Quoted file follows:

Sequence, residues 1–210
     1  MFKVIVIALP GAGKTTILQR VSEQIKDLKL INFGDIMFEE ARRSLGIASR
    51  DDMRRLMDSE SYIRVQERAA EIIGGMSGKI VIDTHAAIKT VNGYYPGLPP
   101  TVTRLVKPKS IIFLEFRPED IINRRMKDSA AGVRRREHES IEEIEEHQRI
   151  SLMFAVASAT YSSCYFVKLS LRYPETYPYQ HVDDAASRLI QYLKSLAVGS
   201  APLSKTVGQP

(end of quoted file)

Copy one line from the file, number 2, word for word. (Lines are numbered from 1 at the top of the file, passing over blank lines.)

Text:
     1  MFKVIVIALP GAGKTTILQR VSEQIKDLKL INFGDIMFEE ARRSLGIASR